Living by the Watch: Stranger Than Fiction

By Kai-Arne Zimny

Pho­to Cred­it: miracc

Yes, ok. So the film is twelve years old? It’s fun­ny and clever, and it fea­tures some of the best actors and actress­es Hol­ly­wood has to offer. (How often do you get to see Emma Thomp­son, Dustin Hoff­man, Mag­gie Gyl­len­hal, and Queen Lat­i­fah in one sin­gle movie?) In short: Stranger Than Fic­tion is a clas­sic. Unfor­tu­nate­ly, it’s a clas­sic not many peo­ple know. Well, we’re going to change this now.

To be quite hon­est, the film’s begin­ning is a bit strange. The audi­ence first sees Harold Crick (Will Fer­rell) and his best bud­dy, a wrist­watch. Each night at 11:17, Harold goes to bed, and each morn­ing he ties his tie in a sin­gle Wind­sor knot ( instead of a dou­ble), sav­ing forty-three sec­onds before he gets on the 8:17 bus to his work­place at the IRS. Work­ing in a tax office seems to fit his per­son­al­i­ty – Harold is in love with num­bers. And come to think of it: His wrist­watch is his only friend.

For twelve years, noth­ing has ever dis­rupt­ed Harold’s rou­tine until one day, while brush­ing every one of his thir­ty-two teeth with sev­en­ty-six strokes, he hears a voice nar­rat­ing his very action. Puz­zled and unable to locate the source of the voice, Harold tries to go about his day’s work. While inspect­ing a tax-delin­quent own­er of a bak­ery (Mag­gy Gyl­len­hall), he again hears a voice from the off nar­rat­ing what he does, “accu­rate­ly, and with a bet­ter vocab­u­lary.” Since the voice also hints at his immi­nent death, “lit­tle did Harold know that events had been set in motion that would lead to his immi­nent death,” he starts to sus­pect that he is a char­ac­ter caught in a nov­el. While he con­sults a pro­fes­sor of lit­er­a­ture (Dustin Hoff­man) to fig­ure out what’s going on, nov­el­ist Karen Eif­fel (Emma Thomp­son) strug­gles with writer’s block, unable to fig­ure out how to kill off the pro­tag­o­nist of her nov­el-in-progress, an IRS agent called Harold Crick….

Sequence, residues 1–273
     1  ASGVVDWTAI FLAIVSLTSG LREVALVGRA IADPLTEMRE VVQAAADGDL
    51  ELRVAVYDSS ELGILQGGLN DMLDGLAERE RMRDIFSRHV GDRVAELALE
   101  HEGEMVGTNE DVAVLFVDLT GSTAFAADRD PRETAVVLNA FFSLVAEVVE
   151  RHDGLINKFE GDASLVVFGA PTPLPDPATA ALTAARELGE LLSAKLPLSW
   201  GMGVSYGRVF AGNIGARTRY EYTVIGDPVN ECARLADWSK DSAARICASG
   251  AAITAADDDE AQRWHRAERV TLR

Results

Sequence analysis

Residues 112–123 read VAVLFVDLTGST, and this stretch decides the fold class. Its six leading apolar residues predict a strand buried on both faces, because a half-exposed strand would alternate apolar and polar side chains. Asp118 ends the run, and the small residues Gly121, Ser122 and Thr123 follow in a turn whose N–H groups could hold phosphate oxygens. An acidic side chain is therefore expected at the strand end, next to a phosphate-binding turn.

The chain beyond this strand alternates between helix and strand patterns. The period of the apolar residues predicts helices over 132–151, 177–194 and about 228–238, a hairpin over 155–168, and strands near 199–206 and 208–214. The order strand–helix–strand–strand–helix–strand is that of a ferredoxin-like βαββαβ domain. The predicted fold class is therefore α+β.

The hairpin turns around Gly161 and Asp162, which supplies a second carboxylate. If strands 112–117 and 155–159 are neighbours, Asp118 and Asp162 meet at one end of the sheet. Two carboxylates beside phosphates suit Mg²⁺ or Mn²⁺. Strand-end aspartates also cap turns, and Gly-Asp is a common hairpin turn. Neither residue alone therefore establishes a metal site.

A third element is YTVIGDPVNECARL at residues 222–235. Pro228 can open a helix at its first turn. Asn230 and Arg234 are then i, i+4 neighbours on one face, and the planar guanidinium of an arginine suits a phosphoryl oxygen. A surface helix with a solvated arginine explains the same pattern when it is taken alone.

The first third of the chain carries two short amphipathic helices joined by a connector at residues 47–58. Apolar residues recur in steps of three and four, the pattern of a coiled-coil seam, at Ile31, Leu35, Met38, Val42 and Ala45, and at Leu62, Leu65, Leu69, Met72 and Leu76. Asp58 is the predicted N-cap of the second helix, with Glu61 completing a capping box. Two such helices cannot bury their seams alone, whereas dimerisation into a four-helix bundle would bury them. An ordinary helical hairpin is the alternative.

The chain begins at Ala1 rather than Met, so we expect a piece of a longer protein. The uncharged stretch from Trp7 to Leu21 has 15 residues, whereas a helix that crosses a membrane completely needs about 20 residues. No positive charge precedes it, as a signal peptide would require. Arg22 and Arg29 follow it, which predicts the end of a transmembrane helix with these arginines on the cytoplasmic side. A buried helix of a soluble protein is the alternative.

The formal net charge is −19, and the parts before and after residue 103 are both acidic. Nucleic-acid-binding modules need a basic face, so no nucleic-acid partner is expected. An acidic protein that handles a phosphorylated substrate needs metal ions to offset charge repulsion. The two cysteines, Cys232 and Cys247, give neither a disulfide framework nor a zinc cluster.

Stranger Than Fic­tion is a comedic dra­ma about small events with big con­se­quences, the lim­it­ing nature of self-inflict­ed rou­tines, and the lib­er­at­ing pow­er sweep­ing you off your feet when break­ing them. As a view­er of the spec­ta­cle, you might won­der until the very end whether you’re watch­ing a com­e­dy or a tragedy, just as Harold him­self is try­ing to assess whether his life is the for­mer or the lat­ter. And, more impor­tant­ly, whether he can change the plot of the nov­el – and thus save his life.

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